Aside from Nikon, Sony currently has the best other option: the NEX-7. This is an interchangeable lens, “compact system” camera. It uses a DSLR-sized sensor, so the results will be good, and it has a mic input. Sadly, it comes in at £850, which is close to an entry-level pro camcorder, and more expensive than most DSLRs. Panasonic has dropped mic inputs from its more compact Lumix range and Canon’s equivalents, whilst good cameras, also have no mic inputs.
I’d discount DSLRs for the moment, because of their size and because they’re not that easy to use for video, especially if you are working alone. You could also pick up a quality compact camera with 1080p video, and an external sound recorder, but that means more kit, and more work when it comes to editing.
But there are a couple of other options to consider.
The first is the iPhone. The new iPhone 5S is expensive, but the older 4S is reasonably priced, at £349 unlocked. The 8GB memory may be a limitation, but there are plenty of good video-making accessories for the 4S, and good software, such as Filmic Pro.
Or, look at an iPod Touch. The 32GB model comes in on budget, has full HD video with image stabilisation and a fast lens for low light. Add a third-party video app for the best results. Avoid the 16GB model, which has a less capable camera. It’s a question of trading off the larger memory and lower price of the Touch, against the 3G connection of the 4S.
A standard interview mic will work with most lower-cost cameras with a mic input, but often the mic pre-amps in compact cameras or devices like the Kodak are not very powerful.
A mic such as the Rode NTG2, which has an internal battery, will work, but the sound levels will still be quite low. The Rode Video Mic Pro has a more powerful amplifier built in, and would work well with the Nikon cameras or the Sony NEX-7. But it needs to clip on to the camera’s flash shoe, so is not really an option for the Kodak or GoPro.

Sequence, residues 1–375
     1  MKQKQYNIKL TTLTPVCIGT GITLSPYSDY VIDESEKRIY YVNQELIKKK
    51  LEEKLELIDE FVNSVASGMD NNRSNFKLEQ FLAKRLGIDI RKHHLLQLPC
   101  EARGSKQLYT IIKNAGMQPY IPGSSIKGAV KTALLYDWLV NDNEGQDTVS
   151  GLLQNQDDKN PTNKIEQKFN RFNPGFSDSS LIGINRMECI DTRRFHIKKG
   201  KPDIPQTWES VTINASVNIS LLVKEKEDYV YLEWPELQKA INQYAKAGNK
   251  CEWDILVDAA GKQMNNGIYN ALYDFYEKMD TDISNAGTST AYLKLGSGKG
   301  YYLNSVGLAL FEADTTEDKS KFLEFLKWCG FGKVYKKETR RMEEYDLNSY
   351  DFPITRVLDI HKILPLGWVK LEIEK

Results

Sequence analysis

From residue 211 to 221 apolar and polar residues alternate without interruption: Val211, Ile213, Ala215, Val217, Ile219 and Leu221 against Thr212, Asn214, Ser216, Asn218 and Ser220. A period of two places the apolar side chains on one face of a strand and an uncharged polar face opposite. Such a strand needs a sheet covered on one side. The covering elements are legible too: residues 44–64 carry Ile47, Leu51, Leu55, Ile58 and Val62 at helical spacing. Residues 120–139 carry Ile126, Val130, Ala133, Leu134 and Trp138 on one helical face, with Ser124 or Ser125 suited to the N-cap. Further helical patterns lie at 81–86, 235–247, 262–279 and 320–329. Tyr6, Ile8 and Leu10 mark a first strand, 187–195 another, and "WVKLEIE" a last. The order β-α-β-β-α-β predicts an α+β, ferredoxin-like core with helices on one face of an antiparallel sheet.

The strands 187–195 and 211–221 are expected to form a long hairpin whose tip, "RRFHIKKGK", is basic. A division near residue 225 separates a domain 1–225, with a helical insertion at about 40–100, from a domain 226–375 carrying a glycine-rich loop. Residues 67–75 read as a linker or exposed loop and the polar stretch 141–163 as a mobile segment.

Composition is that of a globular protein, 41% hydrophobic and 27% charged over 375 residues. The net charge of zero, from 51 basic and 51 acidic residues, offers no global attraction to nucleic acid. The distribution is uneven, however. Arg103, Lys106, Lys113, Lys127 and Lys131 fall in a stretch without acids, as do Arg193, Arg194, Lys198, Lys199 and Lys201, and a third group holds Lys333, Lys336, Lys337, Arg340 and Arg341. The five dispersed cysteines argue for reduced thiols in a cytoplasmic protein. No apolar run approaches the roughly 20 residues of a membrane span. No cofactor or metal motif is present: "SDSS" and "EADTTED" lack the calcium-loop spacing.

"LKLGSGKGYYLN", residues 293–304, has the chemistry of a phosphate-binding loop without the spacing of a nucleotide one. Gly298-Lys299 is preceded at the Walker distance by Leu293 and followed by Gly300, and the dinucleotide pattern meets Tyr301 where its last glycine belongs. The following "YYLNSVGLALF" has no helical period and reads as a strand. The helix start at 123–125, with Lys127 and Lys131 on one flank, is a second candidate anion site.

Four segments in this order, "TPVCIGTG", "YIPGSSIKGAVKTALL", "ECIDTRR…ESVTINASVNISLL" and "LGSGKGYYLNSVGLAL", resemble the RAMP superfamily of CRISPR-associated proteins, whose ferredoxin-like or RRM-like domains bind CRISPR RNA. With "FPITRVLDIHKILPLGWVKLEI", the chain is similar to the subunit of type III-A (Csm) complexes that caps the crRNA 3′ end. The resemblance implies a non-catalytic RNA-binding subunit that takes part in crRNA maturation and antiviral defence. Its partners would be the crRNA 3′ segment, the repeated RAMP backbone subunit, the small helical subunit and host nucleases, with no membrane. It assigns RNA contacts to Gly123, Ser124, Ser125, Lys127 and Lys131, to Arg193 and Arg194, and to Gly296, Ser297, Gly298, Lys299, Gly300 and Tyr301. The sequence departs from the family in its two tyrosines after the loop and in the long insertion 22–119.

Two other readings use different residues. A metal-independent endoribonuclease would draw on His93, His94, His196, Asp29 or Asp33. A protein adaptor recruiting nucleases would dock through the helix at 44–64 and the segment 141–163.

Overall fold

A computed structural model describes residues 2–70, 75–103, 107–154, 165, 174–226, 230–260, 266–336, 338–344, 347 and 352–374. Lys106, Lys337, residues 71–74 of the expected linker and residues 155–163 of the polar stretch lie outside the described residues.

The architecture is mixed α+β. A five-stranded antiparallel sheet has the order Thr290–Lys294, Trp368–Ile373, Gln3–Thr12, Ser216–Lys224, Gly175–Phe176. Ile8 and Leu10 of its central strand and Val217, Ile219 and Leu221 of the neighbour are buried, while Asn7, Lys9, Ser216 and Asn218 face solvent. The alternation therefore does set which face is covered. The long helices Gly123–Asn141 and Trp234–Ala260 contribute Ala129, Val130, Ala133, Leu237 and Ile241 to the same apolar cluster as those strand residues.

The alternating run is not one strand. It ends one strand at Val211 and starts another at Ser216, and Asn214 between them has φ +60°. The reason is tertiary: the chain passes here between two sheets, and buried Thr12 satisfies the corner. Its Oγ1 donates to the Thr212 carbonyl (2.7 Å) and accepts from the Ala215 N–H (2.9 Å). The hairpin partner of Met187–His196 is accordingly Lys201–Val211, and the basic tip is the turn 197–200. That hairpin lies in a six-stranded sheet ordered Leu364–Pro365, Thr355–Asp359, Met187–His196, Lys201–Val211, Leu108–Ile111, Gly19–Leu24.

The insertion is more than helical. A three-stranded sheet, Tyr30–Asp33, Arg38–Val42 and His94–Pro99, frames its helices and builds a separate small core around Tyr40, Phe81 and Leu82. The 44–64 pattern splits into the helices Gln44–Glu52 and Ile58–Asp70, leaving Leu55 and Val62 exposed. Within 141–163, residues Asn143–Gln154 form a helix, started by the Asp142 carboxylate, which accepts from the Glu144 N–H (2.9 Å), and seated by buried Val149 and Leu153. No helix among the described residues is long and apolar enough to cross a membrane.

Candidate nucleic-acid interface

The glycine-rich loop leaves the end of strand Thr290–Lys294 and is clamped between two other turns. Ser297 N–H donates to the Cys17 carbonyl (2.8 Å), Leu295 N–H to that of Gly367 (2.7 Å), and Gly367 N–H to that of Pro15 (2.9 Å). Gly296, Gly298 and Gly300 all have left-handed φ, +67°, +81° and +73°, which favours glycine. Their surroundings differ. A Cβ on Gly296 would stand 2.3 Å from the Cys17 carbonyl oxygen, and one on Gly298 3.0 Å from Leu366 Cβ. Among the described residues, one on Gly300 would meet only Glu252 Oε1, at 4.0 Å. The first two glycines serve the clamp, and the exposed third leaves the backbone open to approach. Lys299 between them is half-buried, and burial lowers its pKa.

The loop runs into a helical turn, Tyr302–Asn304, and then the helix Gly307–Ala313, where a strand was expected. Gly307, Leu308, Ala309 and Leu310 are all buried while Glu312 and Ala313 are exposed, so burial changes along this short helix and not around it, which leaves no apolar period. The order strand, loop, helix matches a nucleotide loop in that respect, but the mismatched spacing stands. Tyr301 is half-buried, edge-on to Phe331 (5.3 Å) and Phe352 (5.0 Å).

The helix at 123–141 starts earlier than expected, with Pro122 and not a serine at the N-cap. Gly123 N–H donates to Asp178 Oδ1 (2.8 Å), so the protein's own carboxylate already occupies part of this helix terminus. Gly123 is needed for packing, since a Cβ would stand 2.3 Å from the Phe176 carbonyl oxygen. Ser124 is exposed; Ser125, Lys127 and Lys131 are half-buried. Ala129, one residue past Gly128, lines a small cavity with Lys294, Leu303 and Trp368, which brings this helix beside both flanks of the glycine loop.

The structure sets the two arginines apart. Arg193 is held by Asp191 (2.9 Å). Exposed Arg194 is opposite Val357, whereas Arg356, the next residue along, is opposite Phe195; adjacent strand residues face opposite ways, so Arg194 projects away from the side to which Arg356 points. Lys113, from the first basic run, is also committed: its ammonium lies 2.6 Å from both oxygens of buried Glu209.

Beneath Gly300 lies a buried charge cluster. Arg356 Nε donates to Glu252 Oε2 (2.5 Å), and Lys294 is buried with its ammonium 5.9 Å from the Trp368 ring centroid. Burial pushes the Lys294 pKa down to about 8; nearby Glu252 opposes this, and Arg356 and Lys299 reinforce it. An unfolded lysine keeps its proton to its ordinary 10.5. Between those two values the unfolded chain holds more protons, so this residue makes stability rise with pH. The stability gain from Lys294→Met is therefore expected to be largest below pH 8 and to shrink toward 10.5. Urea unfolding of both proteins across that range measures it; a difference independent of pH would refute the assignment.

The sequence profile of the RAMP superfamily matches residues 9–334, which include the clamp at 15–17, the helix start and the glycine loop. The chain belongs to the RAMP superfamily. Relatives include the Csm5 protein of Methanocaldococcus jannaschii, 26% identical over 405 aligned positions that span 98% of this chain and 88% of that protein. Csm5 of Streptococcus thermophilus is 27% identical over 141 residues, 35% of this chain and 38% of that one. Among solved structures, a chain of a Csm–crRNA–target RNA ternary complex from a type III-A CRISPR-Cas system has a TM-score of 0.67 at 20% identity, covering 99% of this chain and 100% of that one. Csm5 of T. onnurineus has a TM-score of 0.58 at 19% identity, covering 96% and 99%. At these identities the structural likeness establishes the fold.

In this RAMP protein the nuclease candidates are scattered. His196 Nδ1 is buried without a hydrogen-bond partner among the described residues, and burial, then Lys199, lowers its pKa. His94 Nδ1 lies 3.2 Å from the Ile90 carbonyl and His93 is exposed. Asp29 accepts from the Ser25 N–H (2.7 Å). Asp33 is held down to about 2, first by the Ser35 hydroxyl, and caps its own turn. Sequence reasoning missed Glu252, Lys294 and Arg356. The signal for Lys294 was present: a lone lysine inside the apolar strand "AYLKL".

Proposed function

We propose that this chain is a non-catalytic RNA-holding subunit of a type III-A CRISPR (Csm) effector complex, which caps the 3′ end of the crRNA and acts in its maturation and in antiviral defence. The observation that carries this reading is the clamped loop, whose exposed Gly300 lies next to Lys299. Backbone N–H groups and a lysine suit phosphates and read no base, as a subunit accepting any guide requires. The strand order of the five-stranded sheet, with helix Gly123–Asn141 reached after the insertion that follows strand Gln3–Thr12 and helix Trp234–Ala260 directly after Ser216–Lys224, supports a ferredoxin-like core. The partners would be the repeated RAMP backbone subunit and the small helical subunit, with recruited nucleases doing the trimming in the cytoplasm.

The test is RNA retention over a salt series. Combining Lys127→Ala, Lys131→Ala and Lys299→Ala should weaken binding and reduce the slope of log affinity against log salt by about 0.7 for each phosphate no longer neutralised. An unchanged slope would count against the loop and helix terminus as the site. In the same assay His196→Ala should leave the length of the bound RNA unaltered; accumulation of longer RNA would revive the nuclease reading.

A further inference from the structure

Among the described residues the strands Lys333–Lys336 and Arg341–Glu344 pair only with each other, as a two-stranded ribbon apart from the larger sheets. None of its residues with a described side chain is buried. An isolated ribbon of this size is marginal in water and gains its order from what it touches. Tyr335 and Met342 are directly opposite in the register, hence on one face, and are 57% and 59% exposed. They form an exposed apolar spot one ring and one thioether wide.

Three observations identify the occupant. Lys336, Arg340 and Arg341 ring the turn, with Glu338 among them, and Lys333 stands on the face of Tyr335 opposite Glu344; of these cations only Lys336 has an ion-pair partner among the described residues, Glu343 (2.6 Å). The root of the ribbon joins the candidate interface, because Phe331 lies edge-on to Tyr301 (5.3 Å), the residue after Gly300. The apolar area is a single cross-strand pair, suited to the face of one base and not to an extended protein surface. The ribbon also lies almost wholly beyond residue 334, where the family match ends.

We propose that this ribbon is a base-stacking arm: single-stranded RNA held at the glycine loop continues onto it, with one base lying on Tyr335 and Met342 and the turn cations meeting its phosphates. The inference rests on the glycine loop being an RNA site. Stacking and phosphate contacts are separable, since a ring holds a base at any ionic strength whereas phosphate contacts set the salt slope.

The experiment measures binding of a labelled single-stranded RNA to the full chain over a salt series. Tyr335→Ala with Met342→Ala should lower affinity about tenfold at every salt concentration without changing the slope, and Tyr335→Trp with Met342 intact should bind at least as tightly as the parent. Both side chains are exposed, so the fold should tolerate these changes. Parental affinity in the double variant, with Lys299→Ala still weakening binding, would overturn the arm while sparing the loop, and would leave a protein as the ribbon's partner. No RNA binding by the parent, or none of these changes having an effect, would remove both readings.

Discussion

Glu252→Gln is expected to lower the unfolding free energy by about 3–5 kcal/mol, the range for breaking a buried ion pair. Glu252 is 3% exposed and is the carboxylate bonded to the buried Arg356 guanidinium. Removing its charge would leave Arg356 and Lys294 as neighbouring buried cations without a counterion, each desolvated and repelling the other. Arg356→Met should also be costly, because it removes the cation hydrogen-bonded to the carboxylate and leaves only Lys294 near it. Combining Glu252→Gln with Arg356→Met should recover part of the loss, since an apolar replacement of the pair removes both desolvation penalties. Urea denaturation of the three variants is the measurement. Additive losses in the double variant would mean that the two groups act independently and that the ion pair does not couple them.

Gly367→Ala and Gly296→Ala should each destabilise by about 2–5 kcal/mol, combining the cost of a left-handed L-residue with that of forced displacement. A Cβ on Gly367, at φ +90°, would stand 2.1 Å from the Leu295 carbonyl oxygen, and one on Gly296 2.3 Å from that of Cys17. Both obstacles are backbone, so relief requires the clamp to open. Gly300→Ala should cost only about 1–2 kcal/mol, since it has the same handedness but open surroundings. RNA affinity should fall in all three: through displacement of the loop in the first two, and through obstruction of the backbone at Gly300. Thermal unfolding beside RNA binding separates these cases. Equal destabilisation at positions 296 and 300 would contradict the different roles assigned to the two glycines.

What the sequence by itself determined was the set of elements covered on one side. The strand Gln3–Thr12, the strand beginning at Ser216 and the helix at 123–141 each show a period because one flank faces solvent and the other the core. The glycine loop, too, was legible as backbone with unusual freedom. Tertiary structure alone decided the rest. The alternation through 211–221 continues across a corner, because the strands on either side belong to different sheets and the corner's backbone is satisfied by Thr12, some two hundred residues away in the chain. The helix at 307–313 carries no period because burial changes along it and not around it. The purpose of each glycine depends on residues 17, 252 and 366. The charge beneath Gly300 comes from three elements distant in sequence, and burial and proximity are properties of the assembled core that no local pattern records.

A consumer mic, such as the Sony ECM907, could do the job. It has been around for an age – it was developed for Minidisc recorders – but it is small, light and well made. It costs around £100.
And there are, of course, several audio options for the iPhone and iPod. Rode makes the Smartlav clip mic, and a clip mic is the best way to record quality sound for interviews. It is designed for Apple phones but should work with other smartphones too, via the headset jack. It is only £39 so it is worth a try. There’s a wide range of other iPhone adapters on the market too, such as the Fostex AR101, shown.
Or, if you think you might need more flexibility, and want to invest in professional mics, look at the iRig Pre. This is an iPhone (or Android phone) to mic adapter, and it includes a battery to power mics that need it. This means it works with pretty much any mic out there: pro lavalier mics, interview mics, “shotgun” mics or radio mic kits. It is about £25, so again, it’s only a small investment, but for a big improvement in sound quality.
If you want Audio Video Pro to look at your kit question, please email the editor saying a little about how you plan to use the equipment, and your budget.